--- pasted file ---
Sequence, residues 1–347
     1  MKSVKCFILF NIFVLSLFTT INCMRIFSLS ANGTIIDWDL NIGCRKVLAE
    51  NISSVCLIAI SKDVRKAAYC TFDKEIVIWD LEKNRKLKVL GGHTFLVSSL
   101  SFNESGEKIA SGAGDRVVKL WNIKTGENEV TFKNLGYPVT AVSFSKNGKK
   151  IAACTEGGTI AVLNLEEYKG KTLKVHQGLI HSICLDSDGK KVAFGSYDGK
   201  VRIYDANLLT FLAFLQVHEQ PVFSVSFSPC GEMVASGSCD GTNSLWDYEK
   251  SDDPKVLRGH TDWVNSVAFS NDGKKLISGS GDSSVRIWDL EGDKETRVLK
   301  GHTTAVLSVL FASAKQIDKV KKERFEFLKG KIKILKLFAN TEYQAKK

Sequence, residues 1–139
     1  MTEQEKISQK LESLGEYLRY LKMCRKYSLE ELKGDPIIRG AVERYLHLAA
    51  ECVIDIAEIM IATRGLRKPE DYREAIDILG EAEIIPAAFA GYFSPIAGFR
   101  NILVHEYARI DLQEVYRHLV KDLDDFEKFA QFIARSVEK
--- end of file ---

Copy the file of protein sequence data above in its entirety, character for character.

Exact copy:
Sequence, residues 1–347
     1  MKSVKCFILF NIFVLSLFTT INCMRIFSLS ANGTIIDWDL NIGCRKVLAE
    51  NISSVCLIAI SKDVRKAAYC TFDKEIVIWD LEKNRKLKVL GGHTFLVSSL
   101  SFNESGEKIA SGAGDRVVKL WNIKTGENEV TFKNLGYPVT AVSFSKNGKK
   151  IAACTEGGTI AVLNLEEYKG KTLKVHQGLI HSICLDSDGK KVAFGSYDGK
   201  VRIYDANLLT FLAFLQVHEQ PVFSVSFSPC GEMVASGSCD GTNSLWDYEK
   251  SDDPKVLRGH TDWVNSVAFS NDGKKLISGS GDSSVRIWDL EGDKETRVLK
   301  GHTTAVLSVL FASAKQIDKV KKERFEFLKG KIKILKLFAN TEYQAKK

Sequence, residues 1–139
     1  MTEQEKISQK LESLGEYLRY LKMCRKYSLE ELKGDPIIRG AVERYLHLAA
    51  ECVIDIAEIM IATRGLRKPE DYREAIDILG EAEIIPAAFA GYFSPIAGFR
   101  NILVHEYARI DLQEVYRHLV KDLDDFEKFA QFIARSVEK